Bearnaise sauce is a classic French sauce made with clarified butter, egg yolks, white wine or vinegar and herbs.
It is a light and creamy sauce that is used to enhance the flavor of fish or vegetables.
Although it can be difficult to make correctly at home, the delicious flavors of this unique condiment make it worth the effort.
A good substitute can be used when Bearnaise sauce is not available, either due to difficulty finding ingredients or simply lack of time needed for preparation.
Many readily-available ingredients can provide a flavoring that is very close to Bearnaise sauce.
If you need a quick fix for your recipe but don’t have time to make Bearnaise from scratch, look no further: here are five ideal substitutes for this delicious French classic.
What is Bearnaise Sauce?
Bearnaise sauce is a classic French sauce typically served with steak and other meats.
It’s made with clarified butter, egg yolks, tarragon, shallot, and white wine or vinegar.
Traditionally, it is poured hot over the meat while it rests.
The resulting flavors are creamy, rich, and slightly acidic with herbs from the tarragon or chervil leaves.
Bearnaise sauce is one of the classic “mother sauces” in French cuisine that were created in the 19th century by Chef Simeon Bernard-Leroy.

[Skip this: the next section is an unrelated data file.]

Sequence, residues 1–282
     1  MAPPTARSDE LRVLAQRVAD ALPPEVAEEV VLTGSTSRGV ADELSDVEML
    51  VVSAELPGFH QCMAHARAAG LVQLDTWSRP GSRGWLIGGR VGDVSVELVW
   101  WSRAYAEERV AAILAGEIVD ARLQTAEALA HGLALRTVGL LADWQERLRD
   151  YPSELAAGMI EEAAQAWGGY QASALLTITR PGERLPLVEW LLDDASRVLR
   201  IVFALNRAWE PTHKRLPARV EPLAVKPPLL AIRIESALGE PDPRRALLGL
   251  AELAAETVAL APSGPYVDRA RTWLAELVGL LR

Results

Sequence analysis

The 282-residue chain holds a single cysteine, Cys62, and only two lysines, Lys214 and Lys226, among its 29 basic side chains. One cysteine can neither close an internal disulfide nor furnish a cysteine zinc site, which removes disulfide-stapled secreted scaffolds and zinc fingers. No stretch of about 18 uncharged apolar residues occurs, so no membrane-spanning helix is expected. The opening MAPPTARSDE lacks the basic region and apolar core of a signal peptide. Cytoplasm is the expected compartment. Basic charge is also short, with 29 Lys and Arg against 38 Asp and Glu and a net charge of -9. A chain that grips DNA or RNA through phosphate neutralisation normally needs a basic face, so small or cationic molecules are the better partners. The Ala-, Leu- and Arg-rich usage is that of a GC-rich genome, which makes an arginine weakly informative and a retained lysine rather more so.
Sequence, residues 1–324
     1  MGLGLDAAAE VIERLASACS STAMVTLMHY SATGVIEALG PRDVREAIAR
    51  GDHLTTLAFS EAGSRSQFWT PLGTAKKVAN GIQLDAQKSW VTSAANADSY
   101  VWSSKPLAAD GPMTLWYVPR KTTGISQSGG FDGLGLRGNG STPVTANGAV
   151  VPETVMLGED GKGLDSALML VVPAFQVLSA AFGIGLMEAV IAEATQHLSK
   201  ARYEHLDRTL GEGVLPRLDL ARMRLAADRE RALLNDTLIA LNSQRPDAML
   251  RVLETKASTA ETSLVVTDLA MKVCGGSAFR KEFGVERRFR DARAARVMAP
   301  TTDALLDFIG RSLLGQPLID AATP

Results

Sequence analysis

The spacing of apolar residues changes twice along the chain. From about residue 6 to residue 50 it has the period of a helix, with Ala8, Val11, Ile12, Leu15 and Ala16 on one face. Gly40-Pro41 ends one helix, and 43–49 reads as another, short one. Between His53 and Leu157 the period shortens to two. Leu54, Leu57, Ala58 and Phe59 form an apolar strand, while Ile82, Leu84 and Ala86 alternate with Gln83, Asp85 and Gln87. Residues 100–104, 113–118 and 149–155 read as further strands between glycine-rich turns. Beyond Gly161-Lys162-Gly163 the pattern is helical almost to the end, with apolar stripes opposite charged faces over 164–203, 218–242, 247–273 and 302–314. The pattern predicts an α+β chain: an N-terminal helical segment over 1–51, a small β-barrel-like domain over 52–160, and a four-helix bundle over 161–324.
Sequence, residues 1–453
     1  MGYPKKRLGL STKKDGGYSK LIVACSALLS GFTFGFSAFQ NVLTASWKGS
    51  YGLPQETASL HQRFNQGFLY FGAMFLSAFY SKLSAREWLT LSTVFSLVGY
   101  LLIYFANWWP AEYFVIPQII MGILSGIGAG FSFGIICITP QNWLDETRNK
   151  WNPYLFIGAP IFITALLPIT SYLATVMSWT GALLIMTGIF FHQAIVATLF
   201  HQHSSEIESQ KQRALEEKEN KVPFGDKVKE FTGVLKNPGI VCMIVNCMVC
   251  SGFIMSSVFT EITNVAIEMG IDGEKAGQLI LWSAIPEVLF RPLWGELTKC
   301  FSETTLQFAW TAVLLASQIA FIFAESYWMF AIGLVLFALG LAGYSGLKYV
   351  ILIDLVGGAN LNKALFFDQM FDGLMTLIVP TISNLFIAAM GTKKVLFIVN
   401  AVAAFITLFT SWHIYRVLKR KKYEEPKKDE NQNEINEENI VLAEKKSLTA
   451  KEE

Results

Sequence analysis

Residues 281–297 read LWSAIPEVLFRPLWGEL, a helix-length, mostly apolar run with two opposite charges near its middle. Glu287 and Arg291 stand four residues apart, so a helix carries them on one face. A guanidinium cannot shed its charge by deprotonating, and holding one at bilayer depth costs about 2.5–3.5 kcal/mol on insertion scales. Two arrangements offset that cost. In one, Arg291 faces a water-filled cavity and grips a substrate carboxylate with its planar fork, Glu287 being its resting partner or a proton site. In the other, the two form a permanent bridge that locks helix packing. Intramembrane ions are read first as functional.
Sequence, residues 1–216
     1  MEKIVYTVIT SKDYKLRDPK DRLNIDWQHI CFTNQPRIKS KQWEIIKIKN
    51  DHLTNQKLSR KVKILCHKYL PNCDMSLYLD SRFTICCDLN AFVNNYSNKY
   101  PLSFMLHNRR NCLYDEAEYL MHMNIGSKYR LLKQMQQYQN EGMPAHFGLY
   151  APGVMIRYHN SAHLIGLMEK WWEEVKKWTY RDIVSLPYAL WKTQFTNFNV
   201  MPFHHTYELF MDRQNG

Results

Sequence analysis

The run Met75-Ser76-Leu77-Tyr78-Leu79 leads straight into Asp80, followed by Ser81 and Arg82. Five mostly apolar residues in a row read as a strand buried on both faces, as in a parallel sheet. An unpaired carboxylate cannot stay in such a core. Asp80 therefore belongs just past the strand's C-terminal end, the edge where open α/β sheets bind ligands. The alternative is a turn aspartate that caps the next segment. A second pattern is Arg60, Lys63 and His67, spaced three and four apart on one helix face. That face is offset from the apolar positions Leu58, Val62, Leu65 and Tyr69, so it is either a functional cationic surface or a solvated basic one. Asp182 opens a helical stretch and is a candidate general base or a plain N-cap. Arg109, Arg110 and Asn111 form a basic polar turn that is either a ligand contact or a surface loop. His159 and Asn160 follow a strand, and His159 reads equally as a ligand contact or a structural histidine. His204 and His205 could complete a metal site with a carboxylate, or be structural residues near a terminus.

In addition to being served as accompaniment for meat dishes, it may also be used in sauces for fish and vegetable dishes or as the base for other sauces such as Choron or Maltese Sauce.
It may also be used to add richness to soups or gravies.
Ultimately, Bearnaise sauce adds classic flavor with ease.
How to Make and Serve Bearnaise Sauce
Bearnaise sauce is a classic French sauce made with clarified butter, shallots, tarragon, and white wine vinegar.
It is traditionally served over fish or steak and often accompanies other favorites such as asparagus and potatoes.
The flavour of this rich and delightful sauce pairs nicely with almost any entree.
Making bearnaise sauce may seem intimidating but the process is not difficult if you are familiar with the ingredients involved.
The basic method for making it is to incorporate clarified butter together with a flavored reduction made from shallot, red wine vinegar, tarragon and some seasonings such as black pepper and sometimes even a bit of cayenne pepper.